In a Niche survey of more than 800 users, 93 percent reported a college’s reputation being somewhat to extremely important.
Over the past 20 years, the reputation of a college has grown in influence thanks in part to the rise of college rankings. When Art & Science Group first published research on college rankings in 1995, they discovered that such standings had little impact on students’ college choice. The top three most influential information sources at this time included: Catalogs, Parents, and Admissions Reps (Internet was dead last). By 2002, Art & Science Group discovered that one-fifth of 500 college students looked at college rankings.
However, 2012 marked a big change, with two-thirds of students saying college rankings had helped them determine where to apply to college.
Why Have College Rankings Risen to Prominence?
The Information Age has given rise to more data transparency, and in turn, has helped people make small (“Where should I eat lunch?”) and big life decisions (“Where should I live?”).
Naturally, college rankings fall on the “big” part of this scale. People want to know where a school stacks up against others, what it’s known for, and whether attending for four years will be beneficial to their career. After all, college is an investment, and college rankings give people some insight into whether making this investment will be profitable. It’s no wonder the growing prestige of college rankings parallels inflating college tuition.
College Cost by Year
Average Cost of Attendance
(Tuition + Room & Board)
Trends taken from the National Center for Education Statistics.
What’s the Best Way to Use Rankings?
- Figure out what’s important to you. Are you looking for a strong social scene? A long history? Eco-friendliness? Think about what you want and where you want to go, and allow the rankings to help you narrow down your prospective colleges list.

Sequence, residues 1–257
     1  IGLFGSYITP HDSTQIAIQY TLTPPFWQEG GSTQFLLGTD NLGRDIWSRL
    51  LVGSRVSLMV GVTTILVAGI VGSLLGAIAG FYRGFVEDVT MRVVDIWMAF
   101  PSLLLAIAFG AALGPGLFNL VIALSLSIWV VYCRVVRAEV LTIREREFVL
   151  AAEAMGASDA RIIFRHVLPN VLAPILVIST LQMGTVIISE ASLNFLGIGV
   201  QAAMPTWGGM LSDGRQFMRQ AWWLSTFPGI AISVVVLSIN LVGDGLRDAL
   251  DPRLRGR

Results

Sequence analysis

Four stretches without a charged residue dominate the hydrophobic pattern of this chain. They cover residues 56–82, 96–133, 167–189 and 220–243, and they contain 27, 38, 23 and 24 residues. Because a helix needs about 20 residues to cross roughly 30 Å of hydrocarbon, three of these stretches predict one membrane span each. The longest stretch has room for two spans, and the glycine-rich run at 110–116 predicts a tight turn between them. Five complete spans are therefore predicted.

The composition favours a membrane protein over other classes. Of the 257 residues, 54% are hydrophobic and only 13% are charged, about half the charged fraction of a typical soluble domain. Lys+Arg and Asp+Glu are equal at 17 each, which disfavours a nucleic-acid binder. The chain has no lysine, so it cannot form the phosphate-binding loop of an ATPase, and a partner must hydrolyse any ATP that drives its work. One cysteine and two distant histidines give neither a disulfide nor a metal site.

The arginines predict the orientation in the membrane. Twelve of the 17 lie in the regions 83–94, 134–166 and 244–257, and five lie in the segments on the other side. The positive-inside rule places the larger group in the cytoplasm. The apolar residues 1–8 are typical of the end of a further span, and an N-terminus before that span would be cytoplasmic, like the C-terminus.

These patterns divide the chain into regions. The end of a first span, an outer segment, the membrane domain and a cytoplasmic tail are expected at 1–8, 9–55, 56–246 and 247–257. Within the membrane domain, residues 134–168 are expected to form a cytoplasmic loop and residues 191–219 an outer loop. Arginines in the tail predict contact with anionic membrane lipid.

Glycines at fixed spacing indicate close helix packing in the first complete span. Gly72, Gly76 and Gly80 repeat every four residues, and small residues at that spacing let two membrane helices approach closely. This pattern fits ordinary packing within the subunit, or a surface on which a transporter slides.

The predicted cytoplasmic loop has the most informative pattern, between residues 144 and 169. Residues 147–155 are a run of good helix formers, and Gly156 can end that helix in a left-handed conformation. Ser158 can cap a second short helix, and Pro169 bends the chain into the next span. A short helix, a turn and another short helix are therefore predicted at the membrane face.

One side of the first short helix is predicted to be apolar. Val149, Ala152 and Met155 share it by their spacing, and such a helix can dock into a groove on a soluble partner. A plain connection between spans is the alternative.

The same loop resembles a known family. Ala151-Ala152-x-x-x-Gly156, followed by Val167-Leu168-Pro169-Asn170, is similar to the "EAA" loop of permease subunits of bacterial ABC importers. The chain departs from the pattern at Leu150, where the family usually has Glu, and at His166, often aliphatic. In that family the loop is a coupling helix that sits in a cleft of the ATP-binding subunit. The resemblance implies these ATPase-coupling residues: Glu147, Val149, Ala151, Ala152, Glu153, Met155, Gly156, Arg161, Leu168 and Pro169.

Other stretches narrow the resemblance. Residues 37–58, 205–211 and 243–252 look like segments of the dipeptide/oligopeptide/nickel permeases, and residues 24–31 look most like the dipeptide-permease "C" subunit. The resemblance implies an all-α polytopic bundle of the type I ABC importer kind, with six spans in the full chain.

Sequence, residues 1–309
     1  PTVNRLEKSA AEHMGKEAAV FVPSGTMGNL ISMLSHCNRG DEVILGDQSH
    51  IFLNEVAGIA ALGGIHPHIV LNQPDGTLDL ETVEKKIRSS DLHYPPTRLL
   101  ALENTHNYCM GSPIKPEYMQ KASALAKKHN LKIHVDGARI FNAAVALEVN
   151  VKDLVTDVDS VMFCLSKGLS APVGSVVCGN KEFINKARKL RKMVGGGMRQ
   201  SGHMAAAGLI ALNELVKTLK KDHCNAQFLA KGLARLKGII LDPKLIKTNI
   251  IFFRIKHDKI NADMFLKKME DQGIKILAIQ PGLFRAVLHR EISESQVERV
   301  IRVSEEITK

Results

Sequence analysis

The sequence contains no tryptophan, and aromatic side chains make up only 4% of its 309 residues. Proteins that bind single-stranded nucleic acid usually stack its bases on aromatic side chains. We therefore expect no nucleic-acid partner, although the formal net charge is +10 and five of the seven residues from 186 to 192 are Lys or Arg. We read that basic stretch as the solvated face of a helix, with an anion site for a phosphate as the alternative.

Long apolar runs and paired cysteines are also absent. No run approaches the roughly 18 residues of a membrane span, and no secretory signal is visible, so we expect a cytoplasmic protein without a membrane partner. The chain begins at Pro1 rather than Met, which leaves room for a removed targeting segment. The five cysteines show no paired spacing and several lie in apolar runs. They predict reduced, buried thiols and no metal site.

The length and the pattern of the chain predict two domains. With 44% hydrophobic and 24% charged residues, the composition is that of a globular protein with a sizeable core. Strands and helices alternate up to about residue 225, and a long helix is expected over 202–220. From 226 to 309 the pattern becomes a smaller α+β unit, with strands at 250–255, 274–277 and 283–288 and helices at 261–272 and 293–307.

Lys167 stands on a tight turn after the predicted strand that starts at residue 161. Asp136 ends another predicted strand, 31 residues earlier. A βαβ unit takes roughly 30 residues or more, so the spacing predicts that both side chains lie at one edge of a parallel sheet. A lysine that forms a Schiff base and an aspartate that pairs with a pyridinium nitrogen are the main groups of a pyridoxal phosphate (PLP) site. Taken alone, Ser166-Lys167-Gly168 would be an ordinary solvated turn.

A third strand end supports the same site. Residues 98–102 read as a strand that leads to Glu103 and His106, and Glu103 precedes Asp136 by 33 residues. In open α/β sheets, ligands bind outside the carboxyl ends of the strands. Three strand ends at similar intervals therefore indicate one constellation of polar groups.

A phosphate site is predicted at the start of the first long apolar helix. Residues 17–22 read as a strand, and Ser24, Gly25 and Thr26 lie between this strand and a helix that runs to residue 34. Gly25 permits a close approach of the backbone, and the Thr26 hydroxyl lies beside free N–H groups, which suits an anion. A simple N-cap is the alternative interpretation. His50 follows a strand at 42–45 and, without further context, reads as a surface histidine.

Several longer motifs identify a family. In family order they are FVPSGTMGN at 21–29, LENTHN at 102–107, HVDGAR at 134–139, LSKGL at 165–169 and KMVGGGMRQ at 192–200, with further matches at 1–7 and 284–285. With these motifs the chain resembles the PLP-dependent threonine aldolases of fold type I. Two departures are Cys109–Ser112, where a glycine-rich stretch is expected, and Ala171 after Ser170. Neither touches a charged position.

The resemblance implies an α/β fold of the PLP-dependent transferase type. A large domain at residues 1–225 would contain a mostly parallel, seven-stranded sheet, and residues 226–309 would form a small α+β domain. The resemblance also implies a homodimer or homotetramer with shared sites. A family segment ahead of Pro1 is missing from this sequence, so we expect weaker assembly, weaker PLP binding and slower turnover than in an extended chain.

- Don’t assume that only the “No. 1” schools are worth attending. Rankings are also helpful in giving you a glimpse at lesser-known schools, especially when it comes to small liberal arts colleges.
- If you’re an international student, college rankings give you more of an idea about U.S. reputations, other than that of the Ivy League. It’s a big world out there, and not everyone has to be a Harvard graduate to be successful.
- Once you’re a college student, college rankings can be utilized more as a source of pride (“I attend the No. 10 college with the Smartest Guys.”) and are often employed by colleges and alumni networks to reconnect former students to their alma mater with boastful fun facts.
- Once students graduate from college and are looking for a job, a potential employer can look at a candidate’s alma mater and predetermine performance quality based on where the college stands in rankings.
- Should a student decide to go on to graduate school, college rankings can help them figure out which institutions have what they want.
How Rankings Have Changed
Since 1983, U.S. News & World Report has released its annual list of the best colleges and graduate schools, but since then, the face of college rankings has changed drastically. Today, there are numerous lists based on more specific or niche criteria. Everyone knows the Ivy League, but does everyone know the 5Cs in California? There are many high-quality institutions in the United States, and the emergence of college rankings highlights that not everyone needs to attend Harvard or Yale to have a brag-worthy claim.